• Permissibility of dispositive motions to dispose of all or part of a claim. New Rule 34 This specifically provides that upon prior written application, the arbitrator may permit motions that dispose of all or a part of a claim, or narrow the issues in a case.

The revised rules also include provisions for giving arbitrators the power to award sanctions, disclosure provisions, and evidence by affidavits and post-hearing filings of documents.

Happy Birthday AAA Supplementary Construction Rules for Fixed Time and Cost

Posted in Alternative Dispute Resolution, Arbitration, Best Practices

Happy Birthday to You! Happy Birthday to You! Happy Birthday Dear AAA Supplementary Rules! Happy Birthday to you!

One year ago, the American Arbitration Association implemented new rules to provide an arbitration process that would be more predictable in terms of time and cost. The Supplementary Rules for Fixed Time and Cost Construction Arbitration (“Supplementary Rules”) were established to control:

  1. the maximum time to complete the arbitration;
  2. the number of hearing days the arbitration will run;
  3. the arbitrator costs; and
  4. the AAA administration fees.

How the Rules Work? Of course, being created by the AAA, the Supplementary Rules are intended to be administered by AAA arbitrators. According to the rules, the time to complete the arbitration, the number of hearing days, and AAA fees and arbitrator compensation, are calculated according to the applicable Time/Cost Schedules and are based on the larger of the claim or counterclaim. If you attempt to change the number of hearing days or time frame, the AAA may in its discretion apply the Regular Track or Large, Complex Case Track of the Construction Industry Arbitration Rules.

So What? After you review the Supplementary Rules, you can tell that they are most useful for those cases where there is a distinct issue in dispute and there is not going to be the need for significant discovery.  Here are some of the key components:

  • If the parties’ contract calls for application of the Supplementary Rules, then AAA will administer the case under those rules.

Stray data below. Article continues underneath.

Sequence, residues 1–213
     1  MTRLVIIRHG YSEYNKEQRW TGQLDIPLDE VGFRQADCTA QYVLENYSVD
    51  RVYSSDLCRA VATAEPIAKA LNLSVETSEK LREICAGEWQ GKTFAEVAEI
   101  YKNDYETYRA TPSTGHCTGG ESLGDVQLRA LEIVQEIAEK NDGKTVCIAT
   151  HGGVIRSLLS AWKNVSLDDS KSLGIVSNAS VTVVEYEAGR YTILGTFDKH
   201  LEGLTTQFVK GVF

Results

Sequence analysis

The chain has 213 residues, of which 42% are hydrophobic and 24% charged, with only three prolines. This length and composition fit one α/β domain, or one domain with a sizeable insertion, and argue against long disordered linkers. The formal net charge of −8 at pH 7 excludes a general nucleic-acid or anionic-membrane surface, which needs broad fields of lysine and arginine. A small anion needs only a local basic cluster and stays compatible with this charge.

• If parties agree to an existing dispute want to use the Supplementary Rules, they may commence an arbitration by filing a submission agreement to arbitrate under the Supplementary Rules.
  • A party files a demand for arbitration in accordance with their construction contract, but is limited to 5 pages.
  • The respondent has up to 14 days to answer, which also may not exceed 5 pages.
  • A party has up to 30 days from the filing of a counterclaim to amend its claim or counterclaim.
  • An administrative conference shall take place within three days of filing for arbitration, and within 14 days after the conference, the parties shall meet (either in person or by phone or video conference) and confer.
  • Only one arbitrator shall administer the proceedings. The parties must select the arbitrator, when the hearing will occur, maximum number of days for the hearing, and the extent of discovery.
  • The arbitrator is authorized to amend and approve the discovery plan for the parties. If the parties fail to agree on terms, the Supplementary Rules provide guidance.

Ultimately, the arbitrator must make an award to the parties not more than 20 days from the close of the hearings. The rules provide the form for the award, amount of arbitrator’s compensation, and administrative fees. Fees range from $10,500 to $52,000. The rules also provide for remedies for nonpayment and defaults.

Questions: Have you used the Supplementary Rules in your construction contracts? Have you arbitrated a case using them?  I’d love to hear some feedback.

The Real Lemon in the Bunch: Understanding Pay-If-Paid Clauses

Posted in Best Practices, Legal Trends, Tennessee, VA, DC, MD